Apprenticed To My Mother #amwriting #cover

As regular readers will know I penned a few stories about my mother which I decided to turn into a memoir – though some will say parts, especially the dialogue are more based on a true story, given no one remembers conversations that well. A number of lovely people read the final version through and gave me some splendid ideas; Esther Chilton has edited it and it’s back in her careful hands for a final tidy up.

Which means we are nearly there…

In celebration, here is a  chapter that, first time around, seemed to go down well. At the end, as is the case with most of the chapters in the book, is a poem of my father’s. He wrote a poem to my mother, each year, on her birthday. This is one example.

Other People’s Funerals

It is increasingly the fashion that when people die after having had a “good innings” their funerals are structured to celebrate a life as much as to mourn their departing. We had attempted that with Dad with reasonable success. Some though hate the whole idea and for those who are becoming aware of their own increasing mortality, funerals can be unpleasant reminders and not so welcome.

With Mum nothing could have been further from the truth. Obviously, she didn’t want her friends to die, but if they did, well, these were opportunities not to be wasted.  She had a quixotic relationship with funerals.

First there was the sharing of the news, and the excuse to reprise both the life now over, as well as the mode of death. This need for detail was neither salacious nor gratuitous. Partly it stored up a comparative knowledge that might aid others – “oh yes Dawn had Prescott’s Biblious Grommet Syndrome but she lasted ten years after the tuna poultices were applied”; partly it allowed for a deepening of the sympathy – “poor Meryl had Crowther’s Redundancy Complications, and could never manage cribbage after the third operation”.

Then there might be a little light speculation on who might go next. “Dennis is peaky”. “Harold has given up Rioja.” “Beryl is on the dabs again”.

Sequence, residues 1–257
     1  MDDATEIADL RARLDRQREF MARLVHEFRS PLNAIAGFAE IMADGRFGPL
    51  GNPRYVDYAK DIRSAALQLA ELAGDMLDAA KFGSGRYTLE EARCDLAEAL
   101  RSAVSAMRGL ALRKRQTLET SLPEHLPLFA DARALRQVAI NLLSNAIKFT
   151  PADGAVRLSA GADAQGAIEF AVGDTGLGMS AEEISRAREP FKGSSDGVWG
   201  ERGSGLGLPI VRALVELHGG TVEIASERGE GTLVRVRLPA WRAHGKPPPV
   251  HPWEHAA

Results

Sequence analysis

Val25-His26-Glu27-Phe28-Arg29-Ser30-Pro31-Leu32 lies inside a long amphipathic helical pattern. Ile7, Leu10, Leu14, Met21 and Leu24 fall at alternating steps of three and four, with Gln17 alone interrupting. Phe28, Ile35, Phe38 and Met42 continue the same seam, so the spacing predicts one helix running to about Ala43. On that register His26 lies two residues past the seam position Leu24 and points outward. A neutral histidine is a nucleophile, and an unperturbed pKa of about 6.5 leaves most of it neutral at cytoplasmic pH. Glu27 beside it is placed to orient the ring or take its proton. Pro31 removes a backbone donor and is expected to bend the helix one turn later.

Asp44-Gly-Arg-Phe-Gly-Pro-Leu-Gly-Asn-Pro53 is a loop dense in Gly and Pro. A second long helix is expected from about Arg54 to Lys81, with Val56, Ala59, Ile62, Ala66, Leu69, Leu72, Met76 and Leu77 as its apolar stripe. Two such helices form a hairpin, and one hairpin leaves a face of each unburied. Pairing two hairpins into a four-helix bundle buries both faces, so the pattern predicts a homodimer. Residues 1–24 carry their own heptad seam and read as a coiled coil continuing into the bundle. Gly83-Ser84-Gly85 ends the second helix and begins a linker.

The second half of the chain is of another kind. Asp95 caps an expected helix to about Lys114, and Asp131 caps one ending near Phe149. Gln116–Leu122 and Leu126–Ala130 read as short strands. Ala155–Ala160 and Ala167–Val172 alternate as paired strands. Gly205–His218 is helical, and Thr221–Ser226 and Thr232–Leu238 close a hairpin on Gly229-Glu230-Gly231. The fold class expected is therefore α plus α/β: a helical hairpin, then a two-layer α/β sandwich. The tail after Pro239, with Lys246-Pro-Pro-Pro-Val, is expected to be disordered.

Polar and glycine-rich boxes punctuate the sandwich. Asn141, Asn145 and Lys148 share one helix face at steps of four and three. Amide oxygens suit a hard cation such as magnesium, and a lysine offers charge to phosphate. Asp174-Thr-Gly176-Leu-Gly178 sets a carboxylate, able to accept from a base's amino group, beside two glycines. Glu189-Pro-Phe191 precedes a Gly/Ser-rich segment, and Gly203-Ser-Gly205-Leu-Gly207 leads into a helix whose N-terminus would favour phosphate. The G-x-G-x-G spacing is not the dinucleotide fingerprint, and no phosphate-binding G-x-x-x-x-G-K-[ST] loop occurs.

And the type of send-off was an important focus of the debate. “She said quiet, though she liked a do if someone else was paying.” “It’ll be canapés and warm white. Never did grasp catering did Phyllis”.

Of course, there was some mileage to be gained in identifying those who wouldn’t be invited. “Dolores is going to her daughter’s that day.” “Really? No invite?” “Not after the crochet imbroglio.”

The songs. “She’ll have hymns, the heathen.” “Apparently, he wanted Kylie but Martine put her foot down after that video embarrassment.”

So, when Joan, a family friend of some sixty years, died after a short bout of pneumonia, we had to go. Dad went to school with Joan’s husband Fred, and they had married a couple of years before Mum and Dad. Sadly, Fred now had dementia, but their sons were organising things and were keen if Mum could make it. ‘Not many of their generation left,’ was the way their eldest son, a Doctor, put it to me. ‘Dad mentions your mum. A lot.’

You wondered why he should remember her specifically. But Mum was keen so I took a day off work and planned to drive her the round trip of one hundred and fifty miles to and from Surrey for the service and wake and then home.

We had a bit of a to do in the car. Mainly because we used hers – “It needs a run” – and I said I’d drive. ‘I’m still capable of driving, you know.’ Hmm, we left that one hanging.

Then there was the radio. ‘It doesn’t work properly. I can’t turn up the volume.’

‘You’re not using the right knob, Mum.’

‘Well that’s a bloody silly place to put it.’

We settled eventually and talked about Fred and Joan and boating holidays in the early 1950s before children. Of Fred and Dad, lean young men, just out of the Forces, showing off by jumping in the Thames and posing for the camera. Of parties. Not exactly sober affairs. Of Fred’s old Ford that took them everywhere but hated the many Surrey hills. Apropos of this, Mum said, ‘Poor man had one shot off.’

It is difficult to know where to come at a statement like that. I was pretty sure she didn’t mean Fred so decided on the who question hoping that the what would be answered too.

The reply came swiftly. ‘George Bale. Big bear of a man. Odd nostrils.’

Were they the “what”? Did he lose a nostril? Having one would be “odd” in several ways.